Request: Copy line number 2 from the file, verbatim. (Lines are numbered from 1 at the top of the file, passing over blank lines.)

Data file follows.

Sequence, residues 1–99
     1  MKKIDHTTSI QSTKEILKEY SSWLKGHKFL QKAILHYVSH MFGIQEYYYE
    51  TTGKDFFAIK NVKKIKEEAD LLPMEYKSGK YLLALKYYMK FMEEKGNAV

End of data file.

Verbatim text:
     1  MKKIDHTTSI QSTKEILKEY SSWLKGHKFL QKAILHYVSH MFGIQEYYYE